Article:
People with Celiac disease can’t tolerate gluten, not even small amounts. Just 50 milligrams of the protein—about the amount in one small crouton—is enough to cause trouble. In people with Celiac disease, gluten triggers an immune response that damages the lining of the small intestine. This can interfere with the absorption of nutrients from food, cause a host of symptoms, and lead to other problems like osteoporosis, infertility, nerve damage, and seizures.

A related condition called gluten sensitivity or non-celiac gluten sensitivity can generate symptoms similar to celiac disease but without the intestinal damage.

Thinking about going gluten-free? Avoiding gluten means more than giving up traditional bread, cereals, pasta, and pizza. Gluten also lurks in many other products, including sauce found in frozen vegetables, soy sauce, some foods made with “natural flavorings,” vitamin and mineral supplements, some medications, and even toothpaste (who knew!) This makes following a gluten-free diet extremely challenging.

If you’re determined to go gluten-free, it’s important to know that it can set you up for some nutritional deficiencies. Fortified breads and cereals have become a major source of B vitamins in the U.S. Although bread made with white rice, tapioca, and other gluten-free flours are becoming more common; they are generally not fortified with vitamins. Whole wheat is also a major source of dietary fiber, which the bowels need to work properly. According to Dr. Leffler “the average American diet is deficient in fiber if you take away whole wheat the problem gets worse.” It’s possible to get the fiber you need from other grains, such as brown rice or quinoa, or from fruits, vegetables, and beans, but you’ll need to make the effort.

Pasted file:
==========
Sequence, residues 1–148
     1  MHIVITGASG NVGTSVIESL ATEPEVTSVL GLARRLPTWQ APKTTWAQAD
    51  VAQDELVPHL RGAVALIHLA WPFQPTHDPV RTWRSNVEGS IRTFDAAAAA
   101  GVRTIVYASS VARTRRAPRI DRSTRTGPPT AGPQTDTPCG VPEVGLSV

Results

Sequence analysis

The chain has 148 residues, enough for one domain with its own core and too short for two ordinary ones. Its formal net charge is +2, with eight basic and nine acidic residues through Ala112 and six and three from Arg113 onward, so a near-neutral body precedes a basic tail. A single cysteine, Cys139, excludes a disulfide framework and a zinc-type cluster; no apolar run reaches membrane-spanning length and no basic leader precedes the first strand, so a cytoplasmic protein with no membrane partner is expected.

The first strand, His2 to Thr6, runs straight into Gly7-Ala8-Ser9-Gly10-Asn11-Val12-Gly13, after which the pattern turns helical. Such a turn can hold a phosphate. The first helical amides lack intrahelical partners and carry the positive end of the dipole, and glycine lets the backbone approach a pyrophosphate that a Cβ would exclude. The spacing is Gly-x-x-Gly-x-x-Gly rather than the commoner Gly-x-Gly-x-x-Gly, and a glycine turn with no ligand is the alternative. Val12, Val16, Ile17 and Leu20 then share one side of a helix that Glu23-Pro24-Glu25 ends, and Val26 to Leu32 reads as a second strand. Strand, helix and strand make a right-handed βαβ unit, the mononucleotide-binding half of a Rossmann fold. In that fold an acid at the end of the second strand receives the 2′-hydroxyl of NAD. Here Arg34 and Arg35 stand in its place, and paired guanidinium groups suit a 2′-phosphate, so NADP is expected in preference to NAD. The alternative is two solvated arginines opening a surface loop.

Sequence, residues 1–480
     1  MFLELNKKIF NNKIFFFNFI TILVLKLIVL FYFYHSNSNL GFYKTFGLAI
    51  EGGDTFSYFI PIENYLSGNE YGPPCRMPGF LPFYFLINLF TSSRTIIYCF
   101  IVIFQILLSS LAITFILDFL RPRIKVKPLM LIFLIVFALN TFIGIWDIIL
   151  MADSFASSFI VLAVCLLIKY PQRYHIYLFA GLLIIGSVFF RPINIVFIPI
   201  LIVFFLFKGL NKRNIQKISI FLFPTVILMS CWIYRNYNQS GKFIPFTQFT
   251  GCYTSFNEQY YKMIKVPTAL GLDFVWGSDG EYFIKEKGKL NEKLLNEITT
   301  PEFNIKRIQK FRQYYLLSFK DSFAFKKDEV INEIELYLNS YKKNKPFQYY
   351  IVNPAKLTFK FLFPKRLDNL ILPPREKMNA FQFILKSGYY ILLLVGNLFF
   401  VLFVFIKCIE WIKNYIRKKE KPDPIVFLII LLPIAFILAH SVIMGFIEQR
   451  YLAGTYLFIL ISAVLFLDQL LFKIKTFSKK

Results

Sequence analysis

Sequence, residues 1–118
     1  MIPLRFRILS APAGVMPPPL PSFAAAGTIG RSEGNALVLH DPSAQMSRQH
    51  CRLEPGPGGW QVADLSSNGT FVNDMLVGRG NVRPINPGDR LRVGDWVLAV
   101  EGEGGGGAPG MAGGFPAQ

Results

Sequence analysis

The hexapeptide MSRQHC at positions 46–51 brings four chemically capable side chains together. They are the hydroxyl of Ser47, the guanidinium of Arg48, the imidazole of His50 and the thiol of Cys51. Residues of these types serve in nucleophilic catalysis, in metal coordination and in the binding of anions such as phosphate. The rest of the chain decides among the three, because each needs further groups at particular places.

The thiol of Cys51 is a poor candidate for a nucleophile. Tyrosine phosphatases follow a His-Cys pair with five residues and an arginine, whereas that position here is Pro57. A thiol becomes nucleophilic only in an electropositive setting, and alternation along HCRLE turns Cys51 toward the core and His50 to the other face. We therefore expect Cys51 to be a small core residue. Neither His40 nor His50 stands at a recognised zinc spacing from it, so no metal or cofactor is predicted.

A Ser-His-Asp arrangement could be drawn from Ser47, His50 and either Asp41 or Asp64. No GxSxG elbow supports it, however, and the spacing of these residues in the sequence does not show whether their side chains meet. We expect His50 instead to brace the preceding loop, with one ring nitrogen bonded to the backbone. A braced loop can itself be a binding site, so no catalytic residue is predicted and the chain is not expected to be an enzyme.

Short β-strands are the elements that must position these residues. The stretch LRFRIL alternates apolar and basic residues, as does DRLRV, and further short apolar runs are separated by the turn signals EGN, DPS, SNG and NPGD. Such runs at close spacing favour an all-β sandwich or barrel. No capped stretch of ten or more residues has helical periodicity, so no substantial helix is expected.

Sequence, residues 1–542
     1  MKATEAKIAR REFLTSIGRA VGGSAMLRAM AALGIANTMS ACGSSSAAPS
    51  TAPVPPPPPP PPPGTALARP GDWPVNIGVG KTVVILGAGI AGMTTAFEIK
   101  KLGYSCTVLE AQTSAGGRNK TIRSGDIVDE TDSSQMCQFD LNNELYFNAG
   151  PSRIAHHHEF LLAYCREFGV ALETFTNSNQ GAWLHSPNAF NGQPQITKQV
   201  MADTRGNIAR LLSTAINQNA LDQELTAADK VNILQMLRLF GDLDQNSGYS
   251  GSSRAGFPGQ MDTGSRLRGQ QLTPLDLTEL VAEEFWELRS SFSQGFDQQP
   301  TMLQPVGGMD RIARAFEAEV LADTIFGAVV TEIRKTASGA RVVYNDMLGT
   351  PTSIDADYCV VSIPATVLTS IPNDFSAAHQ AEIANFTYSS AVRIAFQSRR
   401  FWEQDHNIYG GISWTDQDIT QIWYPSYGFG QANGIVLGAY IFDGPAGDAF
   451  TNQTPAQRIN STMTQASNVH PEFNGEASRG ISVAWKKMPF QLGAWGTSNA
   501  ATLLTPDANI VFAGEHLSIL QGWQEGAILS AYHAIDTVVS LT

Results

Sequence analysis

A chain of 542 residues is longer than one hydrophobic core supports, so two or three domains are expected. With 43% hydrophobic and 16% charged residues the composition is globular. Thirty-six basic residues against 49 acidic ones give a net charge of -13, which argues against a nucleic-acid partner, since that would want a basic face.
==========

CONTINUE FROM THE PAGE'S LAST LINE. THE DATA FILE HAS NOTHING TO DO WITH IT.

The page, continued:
The bottom line. We are increasingly hearing about gluten-free diets even though only about one percent of the population has Celiac disease. While gluten has been linked to belly bloating, weight gain and a host of other issues, current thinking is that maybe gluten is not to blame, but it could be the hybridization of modern wheat.  So, instead of opting for a gluten-free diet, start incorporating ancient grains like KAMUT® into your diet and a realistic workout routine into your daily regimen for a healthier lifestyle.